When the first stage polymer solution has been broken down into suspension sized droplets the substantially insoluble inorganic phosphate suspending agent is precipitated. This may be conveniently carried out by adding a water soluble salt of a metal whose phosphate is a suspending agent. The state of division of the phosphate suspending agent is suitably controlled by adjusting the pH value of the aqueous phase during precipitation.

A preferred phosphate suspending agent is finely divided calcium hydroxy apatite which may be prepared by adding disodium hydrogen phosphate and precipitating the hydroxy apatite with a soluble calcium salt such as calcium chloride or calcium nitrate. More preformed sus pending agent may be added if desired. The total quantity of suspending agent present is preferably kept as low as possible consistent with stability and is suitably in the range 0.1 to 0.5 parts. Such concentrations of suspending agent if added initially would result in extremely fine polymer beads.

Polymerisation may be completed under conventional conditions for the suspension polymerisation of vinyl aromatic polymers i.e. polymerisation temperatures up to 150 C. preferably with one or more free radical polymerisation initiators. These may be the initiators of the first stage polymerisation or, if necessary, more initiators may be added.

The invention is illustrated by the following examples.

EXAMPLE 1 Stage 1 Styrene 27.5 kg. was polymerised in the presence of demineralised water 22.5 kg. and benzoyl peroxide (75 percent) 47.6 g. for 1.75 hours at C., to a conversion of ca. 25 percent.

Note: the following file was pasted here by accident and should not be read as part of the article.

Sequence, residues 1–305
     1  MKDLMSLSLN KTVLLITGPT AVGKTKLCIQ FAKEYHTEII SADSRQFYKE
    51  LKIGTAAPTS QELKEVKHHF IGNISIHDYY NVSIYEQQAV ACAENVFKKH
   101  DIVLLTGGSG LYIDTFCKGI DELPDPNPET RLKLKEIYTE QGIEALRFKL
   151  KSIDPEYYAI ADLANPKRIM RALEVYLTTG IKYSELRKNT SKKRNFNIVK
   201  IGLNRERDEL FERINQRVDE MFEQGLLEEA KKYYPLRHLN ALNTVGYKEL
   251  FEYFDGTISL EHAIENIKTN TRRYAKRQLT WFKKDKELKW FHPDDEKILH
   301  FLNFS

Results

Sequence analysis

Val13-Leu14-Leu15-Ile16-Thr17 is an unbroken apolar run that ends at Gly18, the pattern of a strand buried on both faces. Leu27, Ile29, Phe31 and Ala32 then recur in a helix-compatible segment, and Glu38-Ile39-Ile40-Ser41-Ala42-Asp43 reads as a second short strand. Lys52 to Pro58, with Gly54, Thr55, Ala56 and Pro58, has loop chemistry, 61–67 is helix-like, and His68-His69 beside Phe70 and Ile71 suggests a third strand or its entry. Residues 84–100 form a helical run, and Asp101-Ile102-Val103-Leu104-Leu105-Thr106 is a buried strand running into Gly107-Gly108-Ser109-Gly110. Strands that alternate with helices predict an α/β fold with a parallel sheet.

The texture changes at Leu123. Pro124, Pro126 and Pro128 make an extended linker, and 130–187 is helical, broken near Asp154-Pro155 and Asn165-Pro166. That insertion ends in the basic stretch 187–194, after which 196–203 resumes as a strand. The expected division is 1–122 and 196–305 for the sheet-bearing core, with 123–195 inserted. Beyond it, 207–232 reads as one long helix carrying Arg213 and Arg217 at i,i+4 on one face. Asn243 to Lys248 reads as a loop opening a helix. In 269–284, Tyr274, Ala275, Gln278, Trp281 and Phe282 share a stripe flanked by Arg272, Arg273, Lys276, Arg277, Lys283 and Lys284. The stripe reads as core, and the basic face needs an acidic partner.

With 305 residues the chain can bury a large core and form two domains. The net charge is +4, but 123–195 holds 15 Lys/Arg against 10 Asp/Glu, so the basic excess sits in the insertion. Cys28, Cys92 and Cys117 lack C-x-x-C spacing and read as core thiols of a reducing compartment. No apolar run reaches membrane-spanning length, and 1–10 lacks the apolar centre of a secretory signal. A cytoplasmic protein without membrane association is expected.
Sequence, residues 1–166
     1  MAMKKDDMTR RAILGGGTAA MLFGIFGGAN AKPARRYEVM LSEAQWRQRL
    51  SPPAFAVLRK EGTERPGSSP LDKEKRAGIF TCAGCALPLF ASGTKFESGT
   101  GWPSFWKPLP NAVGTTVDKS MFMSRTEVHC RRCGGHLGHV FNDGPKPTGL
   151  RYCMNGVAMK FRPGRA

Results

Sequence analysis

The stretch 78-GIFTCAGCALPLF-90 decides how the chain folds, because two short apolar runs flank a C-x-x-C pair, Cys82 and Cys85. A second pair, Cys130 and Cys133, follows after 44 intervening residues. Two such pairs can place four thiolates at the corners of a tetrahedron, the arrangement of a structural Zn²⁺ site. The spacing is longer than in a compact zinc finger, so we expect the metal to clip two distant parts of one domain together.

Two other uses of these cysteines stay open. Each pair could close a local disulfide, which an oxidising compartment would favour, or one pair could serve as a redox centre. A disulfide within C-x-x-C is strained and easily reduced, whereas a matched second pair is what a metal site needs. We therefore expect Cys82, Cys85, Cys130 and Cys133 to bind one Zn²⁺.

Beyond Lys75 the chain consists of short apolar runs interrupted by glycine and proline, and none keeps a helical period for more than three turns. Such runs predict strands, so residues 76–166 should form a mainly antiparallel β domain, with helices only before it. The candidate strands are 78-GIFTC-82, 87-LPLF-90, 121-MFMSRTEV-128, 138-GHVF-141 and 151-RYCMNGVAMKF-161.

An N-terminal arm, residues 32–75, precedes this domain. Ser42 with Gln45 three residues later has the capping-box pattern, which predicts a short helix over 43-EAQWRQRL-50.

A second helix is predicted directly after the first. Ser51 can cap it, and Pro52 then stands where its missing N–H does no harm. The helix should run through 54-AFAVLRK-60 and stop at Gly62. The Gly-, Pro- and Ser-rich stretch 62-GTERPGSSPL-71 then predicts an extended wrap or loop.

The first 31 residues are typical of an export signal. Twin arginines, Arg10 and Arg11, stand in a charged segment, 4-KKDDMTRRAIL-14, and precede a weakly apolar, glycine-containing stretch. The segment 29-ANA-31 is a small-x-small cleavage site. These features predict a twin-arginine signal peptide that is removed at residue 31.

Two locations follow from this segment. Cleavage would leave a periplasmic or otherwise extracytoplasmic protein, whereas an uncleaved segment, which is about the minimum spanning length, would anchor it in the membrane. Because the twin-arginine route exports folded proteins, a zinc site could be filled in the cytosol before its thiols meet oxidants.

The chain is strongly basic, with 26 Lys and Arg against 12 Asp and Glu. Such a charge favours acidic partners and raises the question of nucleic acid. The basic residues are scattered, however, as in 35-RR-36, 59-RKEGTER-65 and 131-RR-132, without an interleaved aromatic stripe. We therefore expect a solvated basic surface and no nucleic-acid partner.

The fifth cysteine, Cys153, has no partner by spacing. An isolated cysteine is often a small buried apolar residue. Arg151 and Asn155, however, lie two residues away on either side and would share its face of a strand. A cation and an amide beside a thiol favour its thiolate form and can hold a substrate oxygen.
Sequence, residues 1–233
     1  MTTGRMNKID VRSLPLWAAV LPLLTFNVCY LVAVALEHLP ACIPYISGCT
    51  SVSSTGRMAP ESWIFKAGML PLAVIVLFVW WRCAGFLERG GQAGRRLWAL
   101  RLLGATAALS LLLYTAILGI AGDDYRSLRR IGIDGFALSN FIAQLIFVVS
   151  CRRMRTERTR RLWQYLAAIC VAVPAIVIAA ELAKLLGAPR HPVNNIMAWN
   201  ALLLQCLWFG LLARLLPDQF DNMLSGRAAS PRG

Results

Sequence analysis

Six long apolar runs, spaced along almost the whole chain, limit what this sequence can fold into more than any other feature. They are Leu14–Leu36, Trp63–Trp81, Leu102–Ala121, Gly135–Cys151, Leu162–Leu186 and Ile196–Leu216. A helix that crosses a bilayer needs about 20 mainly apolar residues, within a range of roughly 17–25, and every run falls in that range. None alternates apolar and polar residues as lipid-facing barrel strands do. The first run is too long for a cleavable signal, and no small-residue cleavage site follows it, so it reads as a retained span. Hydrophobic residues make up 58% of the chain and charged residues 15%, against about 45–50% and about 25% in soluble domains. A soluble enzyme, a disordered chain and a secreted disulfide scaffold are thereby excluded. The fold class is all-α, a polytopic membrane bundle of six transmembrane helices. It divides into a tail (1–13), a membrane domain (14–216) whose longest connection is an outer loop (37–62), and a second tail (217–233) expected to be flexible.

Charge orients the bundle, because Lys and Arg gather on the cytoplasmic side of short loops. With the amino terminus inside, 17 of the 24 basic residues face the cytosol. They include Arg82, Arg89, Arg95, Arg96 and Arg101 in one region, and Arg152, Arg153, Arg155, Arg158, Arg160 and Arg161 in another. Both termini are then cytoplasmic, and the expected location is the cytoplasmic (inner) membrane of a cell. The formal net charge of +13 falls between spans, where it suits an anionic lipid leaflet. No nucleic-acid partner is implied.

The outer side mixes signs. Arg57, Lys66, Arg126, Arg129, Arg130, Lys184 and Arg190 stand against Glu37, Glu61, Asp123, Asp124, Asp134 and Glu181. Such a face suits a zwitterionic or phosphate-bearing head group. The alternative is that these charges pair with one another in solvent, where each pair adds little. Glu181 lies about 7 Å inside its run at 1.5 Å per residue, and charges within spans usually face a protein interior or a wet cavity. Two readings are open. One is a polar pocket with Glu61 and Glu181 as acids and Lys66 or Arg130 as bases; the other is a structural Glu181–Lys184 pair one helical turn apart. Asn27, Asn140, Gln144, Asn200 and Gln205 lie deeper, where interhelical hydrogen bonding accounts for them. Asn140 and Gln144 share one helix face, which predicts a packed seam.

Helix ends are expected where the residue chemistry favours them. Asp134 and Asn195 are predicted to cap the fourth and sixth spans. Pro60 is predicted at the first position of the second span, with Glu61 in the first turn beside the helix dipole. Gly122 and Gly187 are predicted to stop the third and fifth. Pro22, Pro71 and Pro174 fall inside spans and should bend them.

3 Stage 2 Sodium nonyl phosphate (1.0 percent aqueous solution) 275 Trisodium orthophosphate dodecahydrate 184 Disodium hydrogen orthophosphate dodecahydrate 118 Calcium chloride dihydrate 170.5 Stearic acid 27.5 t-Butyl perbenzoate 36 were added sequentially. Agitator speed was maintained at 240 r.p.m. throughout.

After suspension, the temperature was raised to 135 C. over 3.5 hours using the following cycle: 90 C. to 115 C./ /2 hour; 115 to 135 C./3 hours.

The suspension was then cooled to 90 C., the slurry acidified to pH 2 with concentrated hydrochloric acid, the beads filtered off and washed with demineralised water and dried.

The polymer beads had the following size distribution:

BS 60 mesh (0.25 mm.) 50.5%, BS 85 mesh (0.175 mm.)

8.5%, BS 100 mesh (0.15 mm.) 4.5%, smaller than BS 100 mesh 36.5%.

EXAMPLE 2 Example 2 was repeated, with the exception that the polymerisation at 90 C. in the 1st stage was extended to 3 hours, 40 mins. The conversion at suspension was ca. 75 percent.

The polymer beads produced had the following size distribution:

BS mesh (1.7 mm.) 2.5%, BS 22 mesh (0.7 mm.)

BS 30 mesh (0.5 mm.) 16%, BS 44 mesh (0.35 mm.)

BS 60 mesh (0.25 mm.), 3%, BS 85 mesh (0.175 mm.)

The examples show that as the conversion at suspension is increased, so the final product bead size is increased, everything else being constant.